Nuveen PM: Market is ‘starting to understand’ Florida’s Brightline

With a $2.5 billion bet on the line, Nuveen is touting its upbeat outlook on a Florida-based Brightline passenger train that other investors view skeptically.

Nuveen has “been involved with this credit since 2015,” said Ryan Rosberg, managing director and senior research analyst at Nuveen, and “we think it’s going to be a complete success.”

Rosberg made the comments Tuesday during an “Innovations in Infrastructure” conference hosted by the University of Chicago and Bond Dealers of America. Rosberg appeared on a transit panel during which he promoted the privately owned train as passionately as if the investment giant were the owner.

Rosberg touted Brightline’s “incredible brand” and “guest experience” as well as recent ridership increases and an upcoming extension from Miami to Orlando. He asked if any of the audience had taken the train — no one appeared to raise their hands — and urged them to do so next time they visit south Florida.

“Part of the challenge is getting people to at least try Brightline,” Rosberg said, adding that once they do, they tend to become regular riders.

An All Aboard Florida representative looks out of a train door during a media tour in West Palm Beach, Florida on Jan. 11, 2017.

Bloomberg News

Brightline, which is owned by Fortress Investment Group, began operations in 2018 between Miami and West Palm Beach. An extension set to open this year promises a speedy 235-mile ride between downtown Miami and tourist-laden Orlando airport. Tickets are on sale.

The speculative-rated project has roughly $3.7 billion of private activity bonds outstanding. Nuveen owns 75% of the debt. The debt, which matures in 2049, accounts for five of the top 10 positions in Nuveen’s High Yield Municipal Bond Fund.

“I’ve been in the muni bond world for 20 years and I’ve never been around a bond that has as different viewpoints as this one,” Rosberg said. “Some mutual funds say ‘We think it’s going to be a complete failure,’ and others a complete success.”

A chunk of the bonds earlier this year were priced at 89 and have since moved up to 96, Rosberg told the audience. “That’s a 15% return in the first five months,” he said. “The market is starting to understand this is all about the guest experience.”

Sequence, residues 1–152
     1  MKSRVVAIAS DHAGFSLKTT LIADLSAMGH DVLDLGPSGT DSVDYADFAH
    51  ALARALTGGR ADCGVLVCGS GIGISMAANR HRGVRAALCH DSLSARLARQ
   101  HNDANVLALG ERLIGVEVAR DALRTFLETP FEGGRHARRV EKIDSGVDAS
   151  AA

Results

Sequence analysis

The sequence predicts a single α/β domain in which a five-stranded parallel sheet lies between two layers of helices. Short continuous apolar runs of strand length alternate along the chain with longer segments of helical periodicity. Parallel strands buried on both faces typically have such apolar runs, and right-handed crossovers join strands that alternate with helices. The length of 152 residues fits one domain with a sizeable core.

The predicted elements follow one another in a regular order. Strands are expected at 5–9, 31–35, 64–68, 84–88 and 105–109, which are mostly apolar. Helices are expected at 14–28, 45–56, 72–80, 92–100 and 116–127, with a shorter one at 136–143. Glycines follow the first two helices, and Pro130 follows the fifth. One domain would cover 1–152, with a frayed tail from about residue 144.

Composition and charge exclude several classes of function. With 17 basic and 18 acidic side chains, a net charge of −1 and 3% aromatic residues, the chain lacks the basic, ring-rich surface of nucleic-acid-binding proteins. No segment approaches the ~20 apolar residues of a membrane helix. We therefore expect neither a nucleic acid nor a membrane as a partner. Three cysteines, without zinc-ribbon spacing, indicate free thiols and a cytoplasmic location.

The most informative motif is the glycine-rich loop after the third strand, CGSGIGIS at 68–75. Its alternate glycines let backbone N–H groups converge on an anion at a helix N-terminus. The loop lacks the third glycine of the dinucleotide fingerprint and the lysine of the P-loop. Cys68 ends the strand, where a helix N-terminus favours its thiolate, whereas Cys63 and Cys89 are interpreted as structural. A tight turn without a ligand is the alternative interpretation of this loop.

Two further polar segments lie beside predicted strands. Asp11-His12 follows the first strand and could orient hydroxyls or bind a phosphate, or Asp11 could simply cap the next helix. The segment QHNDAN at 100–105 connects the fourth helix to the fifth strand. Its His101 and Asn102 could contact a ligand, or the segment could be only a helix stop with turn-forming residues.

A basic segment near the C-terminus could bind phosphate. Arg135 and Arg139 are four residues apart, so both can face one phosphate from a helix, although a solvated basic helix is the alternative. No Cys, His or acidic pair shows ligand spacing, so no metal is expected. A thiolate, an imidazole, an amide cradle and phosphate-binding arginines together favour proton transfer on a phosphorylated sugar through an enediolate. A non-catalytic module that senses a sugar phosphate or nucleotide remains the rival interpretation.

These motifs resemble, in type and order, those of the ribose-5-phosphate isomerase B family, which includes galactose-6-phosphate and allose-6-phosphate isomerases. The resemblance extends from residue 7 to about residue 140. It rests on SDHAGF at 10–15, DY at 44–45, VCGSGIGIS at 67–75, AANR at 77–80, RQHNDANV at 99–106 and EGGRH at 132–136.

On May 4, a customer bought $43 million of Florida Development Finance Corporation Surface Transportation Facility Revenue Bonds, Series 2019A due in 2049 with a 6.375% coupon for 94.75, according to EMMA. The bonds traded at 89 in October, 2022, which was down from 102 in October 2021.  

A $1 million chunk of Florida Development Finance Corporation Surface Transportation Facility Revenue bonds 2019A with a 6.5% coupon due in 2049 traded at 94 on April 19, up from 92 in February.  

Part of Nuveen’s investment thesis is that to break even, Brightline needs to capture only about 6% of the roughly 40 million trips between Miami to Orlando a year, Rosberg said.

“We ask ourselves, if you put 100 people in a room, will seven choose to take Brightline? We think over time it’s totally going to be true,” he said. With “all the momentum and activity going on in Florida … we think it will be successful over time. I guess time will tell, but that’s what we’re hanging our hats on.”

Though technically not high speed, the Brightline is one of a handful of fledging intercity passenger trains planned around the nation.

California’s publicly owned high-speed rail project has so far been “a complete boondoggle,” Rosberg said. Since first launched in 2008 with a price tag of $30 billion, the price has spiked to nearly $130 billion, the timeline has been pushed back by years and the near-term route whittled down to an initial Central Valley line.

A Brightline West project that aims to build a 218-mile line between Los Angeles and Las Vegas has applied for $3.75 billion of federal rail funds from the Infrastructure Investment and Jobs Act. The Brightline West project carries a total price tag of $12 billion with a projected opening in 2028.

“Part of Brightline’s mission is to change the attitude toward high-speed rail, and what they’ve done in Florida has laid the blueprint for the rest of the country,” Rosberg said. “Going forward, if high-speed rail in other corridors does gain traction, it’s going to be controlled by private businesses versus the government, which I think is a great thing for big infrastructure like this.”

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